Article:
Faced with allegations that it is a multi-million dollar corporate bully seeking to punish civic groups and residents for having exercised their First Amendment rights to question whether the company’s latest project required a zoning variance, Formation-Shelbourne Assisted Living Services LLC announced today that it was dropping the lawsuit it brought last month against Greenburgh’s zoning board, the Edgemont Community Council, the Council of Greenburgh Civic Associations, and 17 residents who live near the proposed site in Edgemont at the corner of Underhill and Sprain Roads.

Even though it was filed in court on June 9, Shelbourne kept the suit under wraps until last weekend, so that when its process servers finally fanned out to serve the ECC and the residents, they had only a few days to retain counsel and respond.

Shelbourne’s action today came after it became known that the civic groups and residents were planning to respond to the lawsuit with a counterclaim seeking compensatory and punitive damages under New York’s anti-SLAPP laws.  The anti-SLAPP laws are intended to prevent applicants seeking land use permits from suing civic groups and residents who speak out against their applications.  SLAPP stands for “strategic litigation against public participation.”

Shelbourne’s announcement also came in the wake of new information that town officials had apparently known for weeks that Shelbourne was planning to sue, but kept the information to itself, so that civic groups and residents would be taken by surprise.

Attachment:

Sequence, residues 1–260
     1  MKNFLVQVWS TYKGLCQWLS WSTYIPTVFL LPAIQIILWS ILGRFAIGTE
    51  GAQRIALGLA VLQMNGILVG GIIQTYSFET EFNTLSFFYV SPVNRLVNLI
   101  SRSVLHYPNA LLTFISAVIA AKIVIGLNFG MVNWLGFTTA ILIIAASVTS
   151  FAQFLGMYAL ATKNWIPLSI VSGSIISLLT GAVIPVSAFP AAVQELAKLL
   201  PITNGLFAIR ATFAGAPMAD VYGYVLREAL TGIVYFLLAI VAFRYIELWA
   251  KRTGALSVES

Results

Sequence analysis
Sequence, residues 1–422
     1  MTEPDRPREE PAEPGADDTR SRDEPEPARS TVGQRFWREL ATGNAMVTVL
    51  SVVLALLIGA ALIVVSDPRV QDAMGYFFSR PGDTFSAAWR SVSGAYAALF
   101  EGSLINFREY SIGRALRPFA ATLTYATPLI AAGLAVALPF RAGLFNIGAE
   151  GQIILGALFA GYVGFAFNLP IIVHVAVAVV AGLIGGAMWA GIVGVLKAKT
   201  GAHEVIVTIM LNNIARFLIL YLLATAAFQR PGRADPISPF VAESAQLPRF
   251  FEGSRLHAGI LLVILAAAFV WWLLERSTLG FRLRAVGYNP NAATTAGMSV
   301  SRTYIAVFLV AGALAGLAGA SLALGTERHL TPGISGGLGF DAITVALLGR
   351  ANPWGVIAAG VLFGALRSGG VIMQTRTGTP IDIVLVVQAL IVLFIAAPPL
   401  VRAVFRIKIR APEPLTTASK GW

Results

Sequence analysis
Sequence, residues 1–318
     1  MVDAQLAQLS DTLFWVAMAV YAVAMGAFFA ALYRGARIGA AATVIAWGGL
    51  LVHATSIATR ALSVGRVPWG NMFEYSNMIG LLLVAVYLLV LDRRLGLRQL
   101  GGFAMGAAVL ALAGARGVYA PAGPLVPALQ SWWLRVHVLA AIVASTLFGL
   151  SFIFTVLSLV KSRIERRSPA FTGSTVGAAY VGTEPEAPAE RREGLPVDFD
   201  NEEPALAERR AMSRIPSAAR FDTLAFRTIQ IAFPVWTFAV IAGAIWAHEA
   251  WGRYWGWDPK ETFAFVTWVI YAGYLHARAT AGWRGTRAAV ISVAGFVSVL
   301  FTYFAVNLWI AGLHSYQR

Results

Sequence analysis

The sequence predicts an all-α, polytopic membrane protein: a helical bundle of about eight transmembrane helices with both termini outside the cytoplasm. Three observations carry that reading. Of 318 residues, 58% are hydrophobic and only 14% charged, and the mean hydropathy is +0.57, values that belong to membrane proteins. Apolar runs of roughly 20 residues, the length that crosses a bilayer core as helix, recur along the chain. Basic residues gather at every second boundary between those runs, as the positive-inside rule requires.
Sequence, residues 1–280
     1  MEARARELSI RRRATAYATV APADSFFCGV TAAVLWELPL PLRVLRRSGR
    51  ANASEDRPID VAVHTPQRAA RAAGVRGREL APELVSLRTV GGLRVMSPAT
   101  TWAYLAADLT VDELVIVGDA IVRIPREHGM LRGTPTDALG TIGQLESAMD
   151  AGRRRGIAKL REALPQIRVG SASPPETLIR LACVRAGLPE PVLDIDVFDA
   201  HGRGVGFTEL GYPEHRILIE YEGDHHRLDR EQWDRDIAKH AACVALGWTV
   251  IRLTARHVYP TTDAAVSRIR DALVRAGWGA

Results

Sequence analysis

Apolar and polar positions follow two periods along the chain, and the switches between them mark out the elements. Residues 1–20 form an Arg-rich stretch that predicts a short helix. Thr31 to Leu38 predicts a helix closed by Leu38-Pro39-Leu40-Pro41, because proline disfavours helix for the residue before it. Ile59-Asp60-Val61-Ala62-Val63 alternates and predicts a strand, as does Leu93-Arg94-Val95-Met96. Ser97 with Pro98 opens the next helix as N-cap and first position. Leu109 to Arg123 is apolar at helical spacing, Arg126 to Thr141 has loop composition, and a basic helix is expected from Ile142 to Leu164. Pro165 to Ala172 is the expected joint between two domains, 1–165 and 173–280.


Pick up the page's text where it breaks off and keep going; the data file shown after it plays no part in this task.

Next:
And, as if to underscore the unusually close relationship between Town Supervisor Paul Feiner and Shelbourne’s executives, rather than notify the parties directly that the lawsuit was being dropped, Shelbourne asked Mr. Feiner to issue a press release to publicize it.

Town officials have been waging a two-year campaign in support of Shelbourne’s application, but had been stymied by the zoning board’s decision this spring that a zoning variance was required.  Under the zoning code, assisted living projects must be located within 200 feet of a state or county “right of way” which here is more than a mile away.

The problem Shelbourne had with the zoning board prompted discussions weeks ago between Shelbourne’s “legal team” and Town Attorney Tim Lewis, who admitted in today’s edition of the Scarsdale Inquirer that town officials had discussed with Shelbourne weeks ago the idea of filing suit against the zoning board, civic groups and private citizens – but he denied that town officials told Shelbourne to sue the ECC and residents.